Although his time only allows him to be an occasional song writer, over the years he had nearly 200 of his own compositions recorded, including, among others, titles by Aretha Franklin, Bobby Darin, Jose Feliciano, Chi Coltrane, Rick Nelson, the Jackson Five, Miriam Makeba, Tiny Tim, Wayne Newton, and most recently, the much-covered “Flashback” (co-written with Alan O’Day) with chart records by the Fifth Dimension and Paul Anka.
My first day at the office I found “I Honestly Love You” and sent it to Olivia Newton John https://artiewayne.wordpress.com/2006/09/13/olivia-newton-john-tries-to-squeeze-one-more-hit-out-of-jeff-barry-and-artie-wayne/
The following week I discovered and signed Rick James
I had a chance to work with Brian Wilson https://artiewayne.wordpress.com/2007/03/29/brief-encounters-with-brian-wilson/
I didn’t have a chance to work with Billy Preston https://artiewayne.wordpress.com/2006/08/25/rock-and-roll-heaven-rocks-internet-special-tribute-to-cash-pitney-preston/
Got to work with my old pal Jeff Barry https://artiewayne.wordpress.com/2007/02/10/jeff-barry-i-honestly-like-him/
Became friends with Barry White https://artiewayne.wordpress.com/2006/08/28/a-very-special-tribute-to-barry-white-mickey-most-and-jimi-hendrix/
During a time when women were treated unequally in the music business, I did everything I could to give talented, qualified women a break. I promoted my Secretary, Margo Matthews, to the Head of the Copyright Department where she remained for over 30 years.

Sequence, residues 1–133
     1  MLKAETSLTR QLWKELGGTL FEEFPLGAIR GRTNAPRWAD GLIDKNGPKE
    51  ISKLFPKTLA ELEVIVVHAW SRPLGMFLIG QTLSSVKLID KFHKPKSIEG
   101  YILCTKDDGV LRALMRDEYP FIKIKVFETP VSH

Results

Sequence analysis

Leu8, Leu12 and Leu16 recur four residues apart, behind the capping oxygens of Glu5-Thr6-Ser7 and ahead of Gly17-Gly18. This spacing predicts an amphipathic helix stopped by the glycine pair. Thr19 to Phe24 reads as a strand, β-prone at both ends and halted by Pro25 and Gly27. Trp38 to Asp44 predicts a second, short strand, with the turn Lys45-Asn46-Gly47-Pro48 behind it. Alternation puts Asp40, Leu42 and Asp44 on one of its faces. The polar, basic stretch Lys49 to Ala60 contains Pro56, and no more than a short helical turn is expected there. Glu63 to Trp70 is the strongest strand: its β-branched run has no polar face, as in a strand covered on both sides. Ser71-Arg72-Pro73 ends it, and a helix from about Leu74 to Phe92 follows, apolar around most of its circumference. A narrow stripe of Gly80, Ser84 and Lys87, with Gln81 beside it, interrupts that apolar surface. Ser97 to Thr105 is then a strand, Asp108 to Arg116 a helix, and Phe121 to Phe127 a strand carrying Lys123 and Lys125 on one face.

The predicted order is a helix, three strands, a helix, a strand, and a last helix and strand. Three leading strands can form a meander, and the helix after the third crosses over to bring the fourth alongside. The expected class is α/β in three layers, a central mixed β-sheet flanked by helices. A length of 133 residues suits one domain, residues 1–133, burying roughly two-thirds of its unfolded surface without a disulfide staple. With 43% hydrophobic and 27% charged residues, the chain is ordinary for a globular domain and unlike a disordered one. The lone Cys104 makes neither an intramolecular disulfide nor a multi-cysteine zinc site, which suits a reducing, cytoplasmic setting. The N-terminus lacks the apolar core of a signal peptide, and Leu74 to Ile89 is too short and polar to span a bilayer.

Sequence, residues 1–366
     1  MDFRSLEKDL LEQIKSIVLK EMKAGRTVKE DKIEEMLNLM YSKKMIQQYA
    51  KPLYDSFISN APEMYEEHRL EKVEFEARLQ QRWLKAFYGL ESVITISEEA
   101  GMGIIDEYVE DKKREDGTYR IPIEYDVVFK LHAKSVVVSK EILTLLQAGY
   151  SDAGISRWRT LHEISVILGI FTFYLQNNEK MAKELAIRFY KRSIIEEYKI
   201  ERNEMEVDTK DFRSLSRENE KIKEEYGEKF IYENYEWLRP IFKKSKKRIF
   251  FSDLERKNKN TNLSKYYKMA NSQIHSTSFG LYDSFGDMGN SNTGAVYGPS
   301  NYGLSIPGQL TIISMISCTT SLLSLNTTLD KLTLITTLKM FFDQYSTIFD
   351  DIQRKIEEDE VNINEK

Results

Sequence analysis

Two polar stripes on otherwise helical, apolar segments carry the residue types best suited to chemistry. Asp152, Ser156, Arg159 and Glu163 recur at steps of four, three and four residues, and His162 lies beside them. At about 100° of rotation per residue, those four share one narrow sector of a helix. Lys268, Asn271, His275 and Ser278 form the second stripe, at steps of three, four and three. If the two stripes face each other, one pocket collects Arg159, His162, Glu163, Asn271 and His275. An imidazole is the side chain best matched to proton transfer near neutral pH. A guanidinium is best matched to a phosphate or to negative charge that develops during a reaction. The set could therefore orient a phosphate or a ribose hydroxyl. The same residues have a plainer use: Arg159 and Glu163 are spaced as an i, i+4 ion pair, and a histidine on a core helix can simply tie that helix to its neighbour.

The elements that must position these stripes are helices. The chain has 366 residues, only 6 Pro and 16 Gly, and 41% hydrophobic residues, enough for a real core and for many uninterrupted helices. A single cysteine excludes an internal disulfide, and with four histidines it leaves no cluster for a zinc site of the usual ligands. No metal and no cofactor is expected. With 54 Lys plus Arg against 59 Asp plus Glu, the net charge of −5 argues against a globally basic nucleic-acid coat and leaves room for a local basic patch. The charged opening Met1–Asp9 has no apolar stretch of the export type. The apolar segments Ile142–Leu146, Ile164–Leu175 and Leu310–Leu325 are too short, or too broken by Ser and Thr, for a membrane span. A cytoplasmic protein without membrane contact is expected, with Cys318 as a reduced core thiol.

Brenda Andrews, had been a secretary for seven years before I arrived. Not only did she have a good song sense, but she was showing songs in the catalog and getting more covers than anyone on the professional staff! I doubled her salary and made her an official songplugger. I’m happy to say that she retired a few years ago after becoming senior Vice-President of the company!
Lance Freed, the son of disc jockey Alan Freed, was fairly new to publishing at the time, but had potential. He ultimately became president of the company, a position which he still holds today.
I was told by Jerry Moss when I was hired that I was in charge of the World Wide Publishing operation, only to find out from one of A+M’s lawyers on the eve of my departure to Europe, that I was only in charge of the operation in the US!
Jerry was out of the country, so I couldn’t get this “mistake” straightened out. Besides, I had a meeting in London the next day with Richard Branson to make him an offer to buy his company…Virgin Records.
(To Be Continued)
Copyright 2007 by Artie Wayne
February 10, 2007
Songwriter and Producer Jeff Barry, is always someone I’ve looked up to…and not just because he’s about a foot taller than me! Before I got into the music buisness, I remember first seeing Jeff’s name on one of my favorite records, “Tell Laura I Love Her” (Raleigh/ Barry) by Ray Peterson, and paying attention to his creative output ever since.
The first time I met him was in 1650 Broadway at the office of Paul Vance (“Itsy, Bitsy, Teenie Weenie, Yellow Polka Dot Bikini”) where I was putting the finishing touches on a song I had written with with Ellie Greenwich and Danny Jordan (the Detergents), “You Should’ve Told Me”, that the Angels were about to record. I was introduced to Jeff when he came in to pick up his Fiance Ellie, for lunch.
While Danny and I sat daydreaming of songwriting superstardom collaborating with this talented lady on dozens of future hits, Jeff had plans of his own. He and Ellie, had started writing with Phil Spector and created songs that not only would become instant classics but would define the 60’s as well, including “Be My Baby”, for the Ronettes, “Do Wah Diddy” for Manfred Mann and “River Deep, Mountain High” for Ike and Tina Turner. Jeff’s love of Doo-Wop, Ellie’s affinity towards girl groups and Phil’s ability to mold the songs they all had written into a “Wall Of Sound”, made for an unbeatable combonation!